The state of Dutch healthcare

In the land of plenty and high taxes (or should that read “plenty of high taxes”?) a development has been underway for sometime. The development is “Tax by Stealth”. This development pulls on the heart-strings of what most Dutch people either like to believe or pretend to be the case, and that is “to be seen to be doing the right thing” and is based on the fundamental foundations of what most Dutch people call “the Polder model”, which is nothing more than a euphemism for what we in Ireland would call “the Welfare State”. In other words, those with money and means should pay for those without.

Don’t get me wrong, I’m not saying that one should not pay taxes or that my taxes should not be used to either ease the burden of my less unfortunate neighbour who has fallen on bad times. On the contrary. But the discussion about high taxes is for another time. This rant is about being FORCED to pay for private health insurance, which in previous years was paid for via my taxes, and not getting a decent level of service in return. The real route cause for the failure of this grand plan is centred around that one single thing that most Dutch either have no concept of, or are unable to provide….SERVICE.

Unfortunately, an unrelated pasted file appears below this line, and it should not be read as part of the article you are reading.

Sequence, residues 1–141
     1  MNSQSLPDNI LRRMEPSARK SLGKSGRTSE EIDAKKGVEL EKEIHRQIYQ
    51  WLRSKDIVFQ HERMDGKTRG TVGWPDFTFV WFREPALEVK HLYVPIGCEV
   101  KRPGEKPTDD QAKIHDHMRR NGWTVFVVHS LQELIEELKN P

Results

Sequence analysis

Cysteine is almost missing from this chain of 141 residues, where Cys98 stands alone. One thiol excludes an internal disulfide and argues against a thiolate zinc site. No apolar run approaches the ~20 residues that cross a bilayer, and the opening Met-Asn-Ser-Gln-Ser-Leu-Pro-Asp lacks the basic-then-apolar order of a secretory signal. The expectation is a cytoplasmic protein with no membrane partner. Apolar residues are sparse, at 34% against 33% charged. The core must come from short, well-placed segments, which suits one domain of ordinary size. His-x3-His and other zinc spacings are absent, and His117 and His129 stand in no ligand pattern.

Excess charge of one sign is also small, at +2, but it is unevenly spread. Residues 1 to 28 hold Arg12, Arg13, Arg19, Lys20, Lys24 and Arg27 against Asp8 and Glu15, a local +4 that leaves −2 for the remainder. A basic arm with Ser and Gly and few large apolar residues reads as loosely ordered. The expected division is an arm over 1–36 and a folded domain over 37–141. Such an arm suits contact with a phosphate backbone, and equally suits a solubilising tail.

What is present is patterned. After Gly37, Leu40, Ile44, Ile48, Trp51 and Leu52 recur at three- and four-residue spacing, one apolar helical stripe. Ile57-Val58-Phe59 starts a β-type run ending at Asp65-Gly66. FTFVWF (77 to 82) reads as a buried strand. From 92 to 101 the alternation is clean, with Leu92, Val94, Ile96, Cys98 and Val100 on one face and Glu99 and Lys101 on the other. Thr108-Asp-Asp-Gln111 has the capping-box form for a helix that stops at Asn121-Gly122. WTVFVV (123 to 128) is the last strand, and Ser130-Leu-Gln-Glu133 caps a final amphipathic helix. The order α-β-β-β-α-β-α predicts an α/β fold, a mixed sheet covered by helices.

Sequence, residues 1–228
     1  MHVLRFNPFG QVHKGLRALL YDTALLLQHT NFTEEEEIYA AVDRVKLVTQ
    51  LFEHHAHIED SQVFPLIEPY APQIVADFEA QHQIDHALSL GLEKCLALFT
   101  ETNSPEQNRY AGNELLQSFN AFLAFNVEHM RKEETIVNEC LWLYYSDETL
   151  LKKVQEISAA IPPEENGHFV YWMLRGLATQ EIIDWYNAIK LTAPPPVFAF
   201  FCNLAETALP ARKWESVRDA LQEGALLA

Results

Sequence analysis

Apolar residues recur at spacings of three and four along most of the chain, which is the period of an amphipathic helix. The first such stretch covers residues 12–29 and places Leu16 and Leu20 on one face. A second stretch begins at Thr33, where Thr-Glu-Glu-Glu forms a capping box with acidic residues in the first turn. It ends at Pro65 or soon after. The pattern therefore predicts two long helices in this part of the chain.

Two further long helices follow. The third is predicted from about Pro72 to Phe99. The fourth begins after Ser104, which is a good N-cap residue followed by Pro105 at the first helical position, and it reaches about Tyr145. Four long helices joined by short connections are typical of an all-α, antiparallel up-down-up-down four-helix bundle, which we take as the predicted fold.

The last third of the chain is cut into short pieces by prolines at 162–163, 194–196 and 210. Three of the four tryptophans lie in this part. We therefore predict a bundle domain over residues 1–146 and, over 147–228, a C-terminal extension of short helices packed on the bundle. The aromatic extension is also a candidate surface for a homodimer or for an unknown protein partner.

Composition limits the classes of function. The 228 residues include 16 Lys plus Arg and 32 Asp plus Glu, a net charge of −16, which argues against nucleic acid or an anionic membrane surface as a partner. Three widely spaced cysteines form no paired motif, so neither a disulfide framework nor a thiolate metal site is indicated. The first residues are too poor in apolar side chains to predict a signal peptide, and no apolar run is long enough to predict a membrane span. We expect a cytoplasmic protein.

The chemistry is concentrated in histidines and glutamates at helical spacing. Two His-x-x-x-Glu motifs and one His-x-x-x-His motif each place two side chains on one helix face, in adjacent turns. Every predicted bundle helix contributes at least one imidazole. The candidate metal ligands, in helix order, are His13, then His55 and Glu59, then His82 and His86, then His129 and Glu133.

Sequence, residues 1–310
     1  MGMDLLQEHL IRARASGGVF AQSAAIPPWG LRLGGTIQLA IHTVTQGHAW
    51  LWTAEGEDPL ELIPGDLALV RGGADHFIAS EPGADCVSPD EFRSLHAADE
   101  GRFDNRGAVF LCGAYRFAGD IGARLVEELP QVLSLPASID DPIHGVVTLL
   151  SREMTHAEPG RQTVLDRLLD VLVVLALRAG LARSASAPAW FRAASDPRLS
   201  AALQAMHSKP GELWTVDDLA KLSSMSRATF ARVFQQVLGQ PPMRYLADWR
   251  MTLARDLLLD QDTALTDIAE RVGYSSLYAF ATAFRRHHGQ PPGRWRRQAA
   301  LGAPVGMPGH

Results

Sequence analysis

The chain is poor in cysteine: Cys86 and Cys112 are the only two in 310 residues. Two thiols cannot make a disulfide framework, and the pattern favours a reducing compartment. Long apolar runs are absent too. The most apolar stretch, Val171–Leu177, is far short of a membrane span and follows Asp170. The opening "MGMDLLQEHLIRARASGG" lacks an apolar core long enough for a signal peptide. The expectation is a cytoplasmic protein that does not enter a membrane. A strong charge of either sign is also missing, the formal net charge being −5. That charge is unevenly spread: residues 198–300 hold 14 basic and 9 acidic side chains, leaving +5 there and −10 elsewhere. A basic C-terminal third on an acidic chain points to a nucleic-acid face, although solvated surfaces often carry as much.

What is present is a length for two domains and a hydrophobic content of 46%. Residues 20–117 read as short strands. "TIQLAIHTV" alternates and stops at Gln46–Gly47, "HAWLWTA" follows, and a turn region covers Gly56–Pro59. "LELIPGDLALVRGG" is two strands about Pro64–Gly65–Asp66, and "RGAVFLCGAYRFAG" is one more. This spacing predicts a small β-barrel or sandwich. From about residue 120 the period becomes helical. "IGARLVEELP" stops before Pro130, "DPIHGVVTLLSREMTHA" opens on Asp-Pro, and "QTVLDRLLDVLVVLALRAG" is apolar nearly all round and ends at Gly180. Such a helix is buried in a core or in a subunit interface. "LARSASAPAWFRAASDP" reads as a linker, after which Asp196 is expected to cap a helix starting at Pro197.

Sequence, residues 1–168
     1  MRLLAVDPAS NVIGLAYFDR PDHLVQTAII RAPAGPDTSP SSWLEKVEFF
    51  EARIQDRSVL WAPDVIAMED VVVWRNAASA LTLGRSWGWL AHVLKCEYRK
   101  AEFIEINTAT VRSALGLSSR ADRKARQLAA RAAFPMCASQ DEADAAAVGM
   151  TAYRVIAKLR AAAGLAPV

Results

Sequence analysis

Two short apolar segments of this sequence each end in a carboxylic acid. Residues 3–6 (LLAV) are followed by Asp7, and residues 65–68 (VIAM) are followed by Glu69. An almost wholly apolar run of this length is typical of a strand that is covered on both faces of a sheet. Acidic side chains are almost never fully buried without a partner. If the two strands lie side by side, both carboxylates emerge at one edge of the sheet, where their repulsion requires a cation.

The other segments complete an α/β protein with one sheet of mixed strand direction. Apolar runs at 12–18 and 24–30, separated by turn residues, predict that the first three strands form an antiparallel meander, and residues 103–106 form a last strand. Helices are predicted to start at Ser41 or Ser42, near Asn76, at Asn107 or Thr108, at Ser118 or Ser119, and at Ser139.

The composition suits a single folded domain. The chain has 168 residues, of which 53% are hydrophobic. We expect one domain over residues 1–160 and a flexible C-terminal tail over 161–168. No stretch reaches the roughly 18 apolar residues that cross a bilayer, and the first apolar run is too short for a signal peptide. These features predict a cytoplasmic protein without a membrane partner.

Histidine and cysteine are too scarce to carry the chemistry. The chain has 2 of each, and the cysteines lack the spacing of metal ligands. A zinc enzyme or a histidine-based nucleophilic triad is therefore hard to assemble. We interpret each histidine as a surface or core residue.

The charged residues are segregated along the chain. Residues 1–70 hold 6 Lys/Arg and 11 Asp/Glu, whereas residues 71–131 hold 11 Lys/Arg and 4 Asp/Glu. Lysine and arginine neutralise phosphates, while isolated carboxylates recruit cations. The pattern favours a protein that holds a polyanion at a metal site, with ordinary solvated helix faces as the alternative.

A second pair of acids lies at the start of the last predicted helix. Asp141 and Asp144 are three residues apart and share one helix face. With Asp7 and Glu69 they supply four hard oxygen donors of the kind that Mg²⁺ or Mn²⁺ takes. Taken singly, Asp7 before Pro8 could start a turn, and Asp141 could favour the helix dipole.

The expat community here will usually regale you of stories where they visited their GP (huisarts here in Holland) when they were suffering from flu or some other every day ailment, only to be told “Stay at home for a few days and take some paracetamol”. Fine and dandy if you are trying to avoid the population from taking too many antibiotics and thus lowering the nations immune system from its over dependence of prescription meds. However, when someone is ACTUALLY sick, once would expect a different tack from ones physicians. Not so in the land of tulips. Nope, no matter what the ailment, the usual treatment is “stay at home and take a paracetamol”. As you can see already, our insurance is great value for money!